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There are compelling reasons why you should expose your product and service documentation to prospective buyers before they own the product. Surprisingly, this is not common practice for many companies, in part because there may have been a fear that exposing complexity or full functionality may scare away some prospects. These days, those fears are largely misplaced because a buyer or researcher is going to find these resources; or get irritated when they cannot. There are a number of reasons why this is true.

Let’s look at six scenarios demonstrating why documentation has high value for buyers:

  1. Validity and Authority. Your docs tell how to install, configure, operate, repair, troubleshoot, and resolve issues with your products. They don’t make claims or mislead, intentionally or not. They are largely seen as being valid and authoritative because they were created to help actual users use the product.
  2. Previews User Experience. Reading documentation, even when you don’t have a trial version of a product, gives some insight into the actual experience of using the product. All marketing claims things like ease of use, speed, transformative functionality, etc. Documentation shows whether these claims are legitimate or exaggerations. Obviously they can’t duplicate hands-on experience, but they can provide some insight into the experience of setting up and using the product.
  3. Reinforces Claims for Use Cases. Can the product actually do the things it says it can do? Unfortunately many product and service websites and other marketing materials don’t actually show what the product does and how it does it. If our marketing trumpets ‘improved workflows for translation management’, our documentation should show exactly how that works, reinforcing those claims.
  4. Perceived Accuracy. Simply put, documentation is assumed to be factual and accurate, in part because it is written for people who have already committed to the product. In this role, it is part of a customer retention strategy since good documentation allows the user to self-serve support, a strongly desired situation for many users. The last thing most users want to do is call customer service. And when they can access quality documentation, they will be better prepared when they do contact customer support.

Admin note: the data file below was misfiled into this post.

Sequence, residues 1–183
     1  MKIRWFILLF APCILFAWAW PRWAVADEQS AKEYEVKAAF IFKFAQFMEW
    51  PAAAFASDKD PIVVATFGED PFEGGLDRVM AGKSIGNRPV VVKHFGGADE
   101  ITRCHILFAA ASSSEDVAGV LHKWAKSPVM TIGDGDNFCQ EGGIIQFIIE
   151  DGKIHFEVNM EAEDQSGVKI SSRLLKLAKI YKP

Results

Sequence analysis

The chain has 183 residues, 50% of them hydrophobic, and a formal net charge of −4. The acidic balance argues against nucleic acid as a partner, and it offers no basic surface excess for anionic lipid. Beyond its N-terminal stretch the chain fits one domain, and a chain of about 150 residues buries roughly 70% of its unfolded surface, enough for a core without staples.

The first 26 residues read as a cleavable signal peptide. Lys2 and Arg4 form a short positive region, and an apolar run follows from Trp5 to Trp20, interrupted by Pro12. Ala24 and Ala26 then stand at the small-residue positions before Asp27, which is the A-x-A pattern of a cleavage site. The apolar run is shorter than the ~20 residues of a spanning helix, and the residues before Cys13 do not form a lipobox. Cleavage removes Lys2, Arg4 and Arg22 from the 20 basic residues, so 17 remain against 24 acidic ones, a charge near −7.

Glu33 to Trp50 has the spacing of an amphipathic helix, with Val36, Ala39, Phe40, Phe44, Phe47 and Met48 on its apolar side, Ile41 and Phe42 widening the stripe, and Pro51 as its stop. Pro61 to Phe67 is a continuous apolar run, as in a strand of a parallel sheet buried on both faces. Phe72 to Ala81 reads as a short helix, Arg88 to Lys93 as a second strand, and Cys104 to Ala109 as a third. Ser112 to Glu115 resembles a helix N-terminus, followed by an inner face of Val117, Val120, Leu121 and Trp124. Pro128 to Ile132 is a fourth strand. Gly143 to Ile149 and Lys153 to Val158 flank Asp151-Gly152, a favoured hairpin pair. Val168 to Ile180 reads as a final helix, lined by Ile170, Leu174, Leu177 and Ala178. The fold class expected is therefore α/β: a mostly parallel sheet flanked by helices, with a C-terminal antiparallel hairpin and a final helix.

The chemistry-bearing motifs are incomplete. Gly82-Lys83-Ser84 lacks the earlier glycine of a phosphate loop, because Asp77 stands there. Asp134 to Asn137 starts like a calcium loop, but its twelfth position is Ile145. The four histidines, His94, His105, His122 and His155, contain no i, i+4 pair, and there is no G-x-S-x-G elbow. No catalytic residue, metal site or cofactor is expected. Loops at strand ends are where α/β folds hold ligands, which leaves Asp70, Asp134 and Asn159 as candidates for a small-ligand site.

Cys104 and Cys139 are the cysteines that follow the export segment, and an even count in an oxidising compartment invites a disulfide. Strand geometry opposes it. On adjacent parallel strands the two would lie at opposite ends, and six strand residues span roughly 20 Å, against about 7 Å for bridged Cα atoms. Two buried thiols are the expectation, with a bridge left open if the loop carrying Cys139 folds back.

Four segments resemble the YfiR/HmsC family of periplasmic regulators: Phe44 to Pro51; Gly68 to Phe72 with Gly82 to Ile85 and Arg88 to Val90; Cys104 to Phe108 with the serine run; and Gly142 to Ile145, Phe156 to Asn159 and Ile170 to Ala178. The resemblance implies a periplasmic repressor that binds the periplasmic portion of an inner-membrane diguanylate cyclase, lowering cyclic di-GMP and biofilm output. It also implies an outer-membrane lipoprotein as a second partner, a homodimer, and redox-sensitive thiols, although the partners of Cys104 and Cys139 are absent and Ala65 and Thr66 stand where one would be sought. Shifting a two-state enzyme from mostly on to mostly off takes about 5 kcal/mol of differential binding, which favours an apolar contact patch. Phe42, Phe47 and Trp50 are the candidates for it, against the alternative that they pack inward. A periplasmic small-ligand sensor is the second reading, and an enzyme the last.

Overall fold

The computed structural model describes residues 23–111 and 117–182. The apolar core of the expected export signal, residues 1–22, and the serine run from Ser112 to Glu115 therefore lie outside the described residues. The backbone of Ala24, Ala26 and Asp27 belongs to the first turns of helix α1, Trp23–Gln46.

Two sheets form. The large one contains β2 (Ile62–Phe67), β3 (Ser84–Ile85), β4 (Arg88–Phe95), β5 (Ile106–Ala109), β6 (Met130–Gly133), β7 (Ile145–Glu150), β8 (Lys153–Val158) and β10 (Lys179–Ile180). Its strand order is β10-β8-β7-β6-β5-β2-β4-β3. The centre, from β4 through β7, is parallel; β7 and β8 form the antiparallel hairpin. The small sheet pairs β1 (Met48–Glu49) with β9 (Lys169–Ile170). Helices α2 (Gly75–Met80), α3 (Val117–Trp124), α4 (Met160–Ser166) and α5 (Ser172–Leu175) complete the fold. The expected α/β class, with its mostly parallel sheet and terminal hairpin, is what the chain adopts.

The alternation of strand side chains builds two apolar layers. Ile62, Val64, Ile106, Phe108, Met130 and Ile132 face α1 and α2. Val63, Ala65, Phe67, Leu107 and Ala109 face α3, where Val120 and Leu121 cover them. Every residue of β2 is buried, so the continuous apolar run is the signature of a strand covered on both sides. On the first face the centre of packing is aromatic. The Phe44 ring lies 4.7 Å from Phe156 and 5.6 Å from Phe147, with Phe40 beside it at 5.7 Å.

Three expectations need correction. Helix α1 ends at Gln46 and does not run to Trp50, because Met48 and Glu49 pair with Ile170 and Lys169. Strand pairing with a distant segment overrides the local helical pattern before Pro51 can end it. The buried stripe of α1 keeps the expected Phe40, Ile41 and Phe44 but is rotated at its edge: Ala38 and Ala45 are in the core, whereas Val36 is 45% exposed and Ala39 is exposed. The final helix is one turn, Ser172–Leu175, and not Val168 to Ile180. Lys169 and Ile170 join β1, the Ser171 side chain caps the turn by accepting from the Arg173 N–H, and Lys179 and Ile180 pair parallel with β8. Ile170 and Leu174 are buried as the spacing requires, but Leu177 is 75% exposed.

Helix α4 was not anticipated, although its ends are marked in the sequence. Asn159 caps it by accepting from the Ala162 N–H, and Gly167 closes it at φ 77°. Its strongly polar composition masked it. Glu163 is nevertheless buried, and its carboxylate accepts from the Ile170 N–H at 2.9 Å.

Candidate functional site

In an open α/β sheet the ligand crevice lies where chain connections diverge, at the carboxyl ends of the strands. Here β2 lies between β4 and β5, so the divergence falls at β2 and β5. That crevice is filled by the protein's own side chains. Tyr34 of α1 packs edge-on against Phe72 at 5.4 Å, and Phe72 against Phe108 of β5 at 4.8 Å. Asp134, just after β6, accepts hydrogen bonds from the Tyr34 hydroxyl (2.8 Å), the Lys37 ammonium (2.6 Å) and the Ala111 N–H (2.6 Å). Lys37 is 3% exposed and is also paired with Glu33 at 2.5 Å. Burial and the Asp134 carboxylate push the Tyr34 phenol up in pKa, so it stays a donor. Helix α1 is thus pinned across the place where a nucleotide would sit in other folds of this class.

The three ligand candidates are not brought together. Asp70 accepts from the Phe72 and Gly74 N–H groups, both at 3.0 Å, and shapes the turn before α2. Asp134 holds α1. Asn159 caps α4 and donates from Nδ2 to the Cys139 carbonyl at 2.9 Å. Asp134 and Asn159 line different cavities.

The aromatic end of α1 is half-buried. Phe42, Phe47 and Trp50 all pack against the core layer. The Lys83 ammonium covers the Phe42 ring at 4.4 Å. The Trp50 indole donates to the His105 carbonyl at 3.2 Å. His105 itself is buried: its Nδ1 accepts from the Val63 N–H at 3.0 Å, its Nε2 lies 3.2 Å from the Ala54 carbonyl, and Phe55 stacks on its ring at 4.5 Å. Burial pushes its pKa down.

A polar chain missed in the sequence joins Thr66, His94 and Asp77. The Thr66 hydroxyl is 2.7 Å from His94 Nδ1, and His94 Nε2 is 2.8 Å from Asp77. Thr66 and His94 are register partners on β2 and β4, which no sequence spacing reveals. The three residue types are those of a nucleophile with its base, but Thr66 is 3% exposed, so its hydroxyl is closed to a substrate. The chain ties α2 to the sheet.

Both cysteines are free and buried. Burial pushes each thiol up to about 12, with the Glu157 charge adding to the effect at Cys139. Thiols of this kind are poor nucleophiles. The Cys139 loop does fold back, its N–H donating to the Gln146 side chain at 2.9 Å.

5. Discovery. Discovery is the process of researching the available solutions, creating product comparisons, and making purchasing recommendations. Buyers’ ability to use documentation in the discovery process makes this process much more ‘real world’, especially if one company offers access to the docs and others do not.
  6. Leverage Existing Assets. Simply put, this is high value content that can be repurposed in easily valued ways. You’re going to create and distribute it, so why not get the full value out of your technical content?

With complex, costly, or technologically sophisticated buying cycles, especially in a B2B buying process, it is increasingly unlikely that you will know a buyer is out there until after they have done extensive discovery on their own. Giving them this access, without requiring logins or email forms, is a way of saying “we are being open here and we are dedicated to helping you with your buying process”.

In the marketing of our DITA CCMS, our documentation site is easily accessed by anyone wishing to read through it. As we’ve mentioned before, our marketing automation software, once a prospect is in our system, can follow their process through our sites, including our documentation site. Because of this, we know that serious buyers often visit page after page of this information as they do their homework, before the buying or contact process begins. Making your documentation freely available and ensuring that it is technically accessible to a new user can drive sales, and customer and prospect retention.

Martin Edic

Martin is a writer and marketer who specializes in creating content for delivery online via the web and mobile. Former Jorsek Employee.
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